It is known that the stricter the diagnosis criteria are, the less sensitive and more specific they are. Thus, we raised the cut point for IUGR and calculated the sensitivity and specificity for medium and severe IUGR and they became 46 and 91%, respectively.

The sensitivity increased to 46%, which was still not sufficiently high to be useful knowing that a sensitive test when negative rules out disease and, on the other hand, the specificity decreased. Thus, there is a trade off between sensitivity and specificity.

Resetting the cut point can improve one of them but at the expense of the other. The sensitivity and specificity of > 0.6 CCC for general IUGR were 46 and 100%, respectively. This changed to 60 and 87% when the cutpoint was raised. This marker showed better sensitivity and same specificity as CRL in the first setting and lower specificity in the second setting.

Sensitivity and specificity by themselves are only useful when either is very high (typically C95%) [9]. Predictive values are more practical to clinicians because the main question for them is: given a positive (or negative) test result, what is the probability of disease? But, they vary with the prevalence of the disease itself. Each pair of predictive values (post-test probabilities) is associated with a single pre-test probability.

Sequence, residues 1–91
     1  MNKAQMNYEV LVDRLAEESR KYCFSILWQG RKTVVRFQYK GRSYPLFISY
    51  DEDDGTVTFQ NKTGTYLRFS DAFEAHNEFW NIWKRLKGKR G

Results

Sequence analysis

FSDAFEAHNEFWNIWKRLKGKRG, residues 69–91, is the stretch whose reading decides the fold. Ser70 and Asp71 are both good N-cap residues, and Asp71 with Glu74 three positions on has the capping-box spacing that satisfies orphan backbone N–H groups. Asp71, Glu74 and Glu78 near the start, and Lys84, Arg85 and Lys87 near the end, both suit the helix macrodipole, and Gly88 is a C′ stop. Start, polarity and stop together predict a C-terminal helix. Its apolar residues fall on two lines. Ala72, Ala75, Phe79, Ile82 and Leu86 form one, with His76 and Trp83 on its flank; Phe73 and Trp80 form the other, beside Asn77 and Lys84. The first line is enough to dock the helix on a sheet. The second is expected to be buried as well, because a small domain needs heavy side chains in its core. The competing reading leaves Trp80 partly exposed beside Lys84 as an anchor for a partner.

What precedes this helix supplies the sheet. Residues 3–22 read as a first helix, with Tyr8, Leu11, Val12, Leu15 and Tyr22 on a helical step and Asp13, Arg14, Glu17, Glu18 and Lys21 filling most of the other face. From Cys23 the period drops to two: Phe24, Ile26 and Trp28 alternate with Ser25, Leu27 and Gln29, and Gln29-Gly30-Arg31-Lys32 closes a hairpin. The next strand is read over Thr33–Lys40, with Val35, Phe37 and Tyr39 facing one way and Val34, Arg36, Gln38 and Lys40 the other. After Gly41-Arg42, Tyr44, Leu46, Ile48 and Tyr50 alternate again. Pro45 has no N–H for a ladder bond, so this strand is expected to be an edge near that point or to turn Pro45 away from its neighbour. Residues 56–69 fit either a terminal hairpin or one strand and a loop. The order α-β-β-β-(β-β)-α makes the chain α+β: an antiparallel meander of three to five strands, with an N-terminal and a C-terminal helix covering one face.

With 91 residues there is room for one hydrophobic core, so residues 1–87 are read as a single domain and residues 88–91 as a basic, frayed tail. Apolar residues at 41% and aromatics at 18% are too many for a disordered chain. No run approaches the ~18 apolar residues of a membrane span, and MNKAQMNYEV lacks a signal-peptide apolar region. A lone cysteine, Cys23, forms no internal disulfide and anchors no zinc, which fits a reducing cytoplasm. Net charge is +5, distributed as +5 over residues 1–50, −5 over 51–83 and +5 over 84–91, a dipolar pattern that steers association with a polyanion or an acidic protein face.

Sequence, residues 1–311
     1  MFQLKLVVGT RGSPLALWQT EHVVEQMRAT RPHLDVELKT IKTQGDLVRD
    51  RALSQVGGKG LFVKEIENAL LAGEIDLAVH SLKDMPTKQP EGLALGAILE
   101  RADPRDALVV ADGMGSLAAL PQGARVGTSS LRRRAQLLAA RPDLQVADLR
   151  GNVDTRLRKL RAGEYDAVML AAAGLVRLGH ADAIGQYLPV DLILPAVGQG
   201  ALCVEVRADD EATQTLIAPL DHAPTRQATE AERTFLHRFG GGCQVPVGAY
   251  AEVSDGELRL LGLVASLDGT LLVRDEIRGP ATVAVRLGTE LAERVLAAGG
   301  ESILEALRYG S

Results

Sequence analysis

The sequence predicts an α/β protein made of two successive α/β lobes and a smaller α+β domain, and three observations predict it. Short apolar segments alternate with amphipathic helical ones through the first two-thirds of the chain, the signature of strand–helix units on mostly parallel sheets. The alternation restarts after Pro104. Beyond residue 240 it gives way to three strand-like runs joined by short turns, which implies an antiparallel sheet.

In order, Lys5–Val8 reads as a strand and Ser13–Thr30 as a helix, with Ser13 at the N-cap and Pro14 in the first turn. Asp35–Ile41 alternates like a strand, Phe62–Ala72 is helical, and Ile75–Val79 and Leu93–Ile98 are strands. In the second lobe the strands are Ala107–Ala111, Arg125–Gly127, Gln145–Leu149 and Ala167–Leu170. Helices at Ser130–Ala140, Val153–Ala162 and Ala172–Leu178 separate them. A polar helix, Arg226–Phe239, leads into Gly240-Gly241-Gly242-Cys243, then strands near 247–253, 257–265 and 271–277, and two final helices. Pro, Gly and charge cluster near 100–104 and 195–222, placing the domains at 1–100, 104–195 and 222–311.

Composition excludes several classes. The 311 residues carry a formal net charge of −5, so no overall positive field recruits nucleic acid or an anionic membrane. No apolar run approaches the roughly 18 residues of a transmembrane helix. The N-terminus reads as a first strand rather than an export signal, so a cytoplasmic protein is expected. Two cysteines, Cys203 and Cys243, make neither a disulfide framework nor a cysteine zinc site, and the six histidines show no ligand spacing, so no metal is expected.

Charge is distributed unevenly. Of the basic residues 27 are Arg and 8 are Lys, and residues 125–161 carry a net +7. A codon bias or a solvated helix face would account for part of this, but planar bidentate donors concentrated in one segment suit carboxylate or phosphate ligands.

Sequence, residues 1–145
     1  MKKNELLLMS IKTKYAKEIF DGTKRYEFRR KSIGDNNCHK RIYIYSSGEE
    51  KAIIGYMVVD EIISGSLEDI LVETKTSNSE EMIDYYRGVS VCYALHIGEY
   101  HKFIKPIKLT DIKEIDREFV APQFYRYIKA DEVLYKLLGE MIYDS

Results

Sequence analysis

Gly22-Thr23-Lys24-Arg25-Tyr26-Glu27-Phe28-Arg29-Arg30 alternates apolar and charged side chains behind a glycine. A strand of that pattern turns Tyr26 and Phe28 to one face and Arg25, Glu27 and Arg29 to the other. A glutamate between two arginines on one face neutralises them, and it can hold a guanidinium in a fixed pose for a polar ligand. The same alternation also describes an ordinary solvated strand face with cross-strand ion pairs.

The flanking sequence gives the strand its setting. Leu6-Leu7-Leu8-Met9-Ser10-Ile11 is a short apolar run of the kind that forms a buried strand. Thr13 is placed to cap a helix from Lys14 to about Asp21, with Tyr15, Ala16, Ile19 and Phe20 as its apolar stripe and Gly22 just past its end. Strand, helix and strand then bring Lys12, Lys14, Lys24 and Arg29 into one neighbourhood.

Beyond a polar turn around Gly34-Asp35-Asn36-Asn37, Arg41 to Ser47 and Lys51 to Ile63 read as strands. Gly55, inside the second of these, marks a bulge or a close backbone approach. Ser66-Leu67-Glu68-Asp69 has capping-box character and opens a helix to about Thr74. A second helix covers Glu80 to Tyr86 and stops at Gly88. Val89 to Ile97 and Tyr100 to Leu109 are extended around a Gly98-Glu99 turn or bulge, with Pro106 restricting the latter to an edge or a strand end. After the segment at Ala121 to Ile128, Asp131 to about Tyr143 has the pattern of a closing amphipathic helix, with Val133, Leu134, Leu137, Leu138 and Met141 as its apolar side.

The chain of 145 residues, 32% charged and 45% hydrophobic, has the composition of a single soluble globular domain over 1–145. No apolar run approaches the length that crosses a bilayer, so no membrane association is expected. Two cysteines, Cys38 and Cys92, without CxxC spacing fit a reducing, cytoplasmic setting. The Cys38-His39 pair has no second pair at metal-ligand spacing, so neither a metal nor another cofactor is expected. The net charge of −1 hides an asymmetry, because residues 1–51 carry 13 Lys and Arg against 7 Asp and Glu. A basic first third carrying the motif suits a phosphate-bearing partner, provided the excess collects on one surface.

Changing the pre-test probability changes the predictive value in a non-linear way. The prevalence of IUGR is 10% by definition, since fetuses with an estimated weight of less than 10 percentile are defined as growth restricted [10]. For medium and severe IUGR it would be 7 percentile and for severe IUGR 5 percentile. The positive predictive value (PPV) can be calculated using the Bayes equation: [11].

The positive predictive value (PPV) is the probability that an individual with a positive screening result has the disease. The sensitivity is the probability that an individual with the disease is screened positive and the specificity is the probability that an individual without the disease is screened negative.